TIER 1: Google Cardboard

The kiddie pool analogy with Cardboard is apt: It offers a great taste of VR, with none of the comfort, fidelity or depth that other headsets offer. It also costs next to nothing and works with nearly any phone (Android, and some apps also support iOS). The benefits of Cardboard are ease-of-use (accessibility) and price (accessibility).

It is the ultimate trade-off of low barrier to entry versus depth of experience — no one is spending more than 15 minutes in a Cardboard. Zero people. Even if you could, you wouldn’t; go figure, it’s not that comfortable pushing a piece of cardboard to your face.

Those aren’t knocks against Cardboard, but a comparative measurement. Putting someone in Cardboard remains the easiest way to give an interested person a quick VR demo. That cannot be oversold: Cardboard is very easy, and that’s a crucial component for the adoption of a new medium. It works with basically any smartphone! There aren’t any headstraps or controllers! It doesn’t cost very much money!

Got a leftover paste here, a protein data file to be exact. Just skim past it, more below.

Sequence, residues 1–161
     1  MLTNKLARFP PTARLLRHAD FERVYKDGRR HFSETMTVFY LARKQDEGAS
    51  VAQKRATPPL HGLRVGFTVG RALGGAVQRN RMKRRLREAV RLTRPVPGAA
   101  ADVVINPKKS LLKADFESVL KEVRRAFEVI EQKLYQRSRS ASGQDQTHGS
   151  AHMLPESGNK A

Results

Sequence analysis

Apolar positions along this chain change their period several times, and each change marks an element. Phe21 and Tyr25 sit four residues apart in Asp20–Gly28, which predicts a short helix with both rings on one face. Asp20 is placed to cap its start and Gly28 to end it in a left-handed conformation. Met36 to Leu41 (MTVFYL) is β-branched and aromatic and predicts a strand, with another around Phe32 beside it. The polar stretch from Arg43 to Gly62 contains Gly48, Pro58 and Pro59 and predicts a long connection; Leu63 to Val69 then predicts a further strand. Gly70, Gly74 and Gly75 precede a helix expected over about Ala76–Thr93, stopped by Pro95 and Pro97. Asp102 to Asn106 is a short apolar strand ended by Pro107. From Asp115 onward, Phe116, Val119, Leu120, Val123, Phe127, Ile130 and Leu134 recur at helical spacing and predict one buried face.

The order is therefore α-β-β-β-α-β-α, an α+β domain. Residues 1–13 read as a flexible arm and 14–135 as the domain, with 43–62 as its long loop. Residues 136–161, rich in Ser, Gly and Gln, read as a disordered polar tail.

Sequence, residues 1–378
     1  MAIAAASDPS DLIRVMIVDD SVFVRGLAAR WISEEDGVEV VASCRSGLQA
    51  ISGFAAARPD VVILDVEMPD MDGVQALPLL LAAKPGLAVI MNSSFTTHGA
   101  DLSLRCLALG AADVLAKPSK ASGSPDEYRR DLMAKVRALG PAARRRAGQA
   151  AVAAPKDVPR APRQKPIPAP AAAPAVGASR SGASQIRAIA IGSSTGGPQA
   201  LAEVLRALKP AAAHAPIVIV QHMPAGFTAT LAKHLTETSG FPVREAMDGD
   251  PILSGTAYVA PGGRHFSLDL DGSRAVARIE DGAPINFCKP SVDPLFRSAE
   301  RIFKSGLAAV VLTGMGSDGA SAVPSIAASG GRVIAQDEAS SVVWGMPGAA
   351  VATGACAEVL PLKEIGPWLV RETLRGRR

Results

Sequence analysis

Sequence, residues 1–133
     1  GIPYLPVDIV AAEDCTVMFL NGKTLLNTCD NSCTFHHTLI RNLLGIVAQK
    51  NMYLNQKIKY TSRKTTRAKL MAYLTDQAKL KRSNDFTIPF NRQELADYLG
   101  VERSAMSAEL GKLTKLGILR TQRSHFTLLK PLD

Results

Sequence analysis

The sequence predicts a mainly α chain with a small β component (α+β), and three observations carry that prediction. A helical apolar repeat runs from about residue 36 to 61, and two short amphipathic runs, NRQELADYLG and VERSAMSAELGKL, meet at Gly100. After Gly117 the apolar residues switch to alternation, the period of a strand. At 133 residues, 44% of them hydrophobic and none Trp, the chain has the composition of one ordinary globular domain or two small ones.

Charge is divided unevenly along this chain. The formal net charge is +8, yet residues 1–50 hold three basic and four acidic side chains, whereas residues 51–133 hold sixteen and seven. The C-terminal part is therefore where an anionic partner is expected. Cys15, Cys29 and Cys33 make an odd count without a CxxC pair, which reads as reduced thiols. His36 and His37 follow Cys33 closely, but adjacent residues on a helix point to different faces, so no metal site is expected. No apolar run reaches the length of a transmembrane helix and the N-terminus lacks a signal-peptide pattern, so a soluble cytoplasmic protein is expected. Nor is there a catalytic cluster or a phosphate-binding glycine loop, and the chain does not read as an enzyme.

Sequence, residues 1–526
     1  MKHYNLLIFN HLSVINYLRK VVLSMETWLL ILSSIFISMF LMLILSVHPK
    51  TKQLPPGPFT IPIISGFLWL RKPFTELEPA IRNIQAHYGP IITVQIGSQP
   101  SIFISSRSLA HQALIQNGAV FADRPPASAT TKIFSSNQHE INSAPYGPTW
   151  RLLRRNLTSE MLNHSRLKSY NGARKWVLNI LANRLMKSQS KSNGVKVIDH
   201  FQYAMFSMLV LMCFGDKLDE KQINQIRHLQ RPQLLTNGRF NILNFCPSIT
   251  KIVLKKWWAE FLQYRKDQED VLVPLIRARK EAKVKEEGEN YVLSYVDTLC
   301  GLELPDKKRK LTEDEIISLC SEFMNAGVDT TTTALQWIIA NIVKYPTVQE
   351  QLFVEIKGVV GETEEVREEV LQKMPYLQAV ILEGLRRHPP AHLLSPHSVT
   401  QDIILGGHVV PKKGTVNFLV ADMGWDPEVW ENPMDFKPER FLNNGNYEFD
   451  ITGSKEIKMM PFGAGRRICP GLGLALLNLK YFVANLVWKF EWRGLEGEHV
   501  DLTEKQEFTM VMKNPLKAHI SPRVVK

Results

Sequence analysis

And hey, if you’d never experienced a pool of water, a kiddie pool is a pretty exciting first experience.

TIER 2: Gear VR

One gigantic step up from Cardboard, in both experience and cost, is Samsung’s Gear VR. The South Korean phone giant teamed with Facebook-owned Oculus VR on a phone-powered experience that offloads some functionality to the headset: a touchpad, a gyrometer and lenses (among other bits). There’s a strap, and you’ll need to do some fiddling to get it set up, but it’s mostly plug-and-play with your Galaxy Note 4 phone (and soon the Galaxy S6 and S6 edge as well).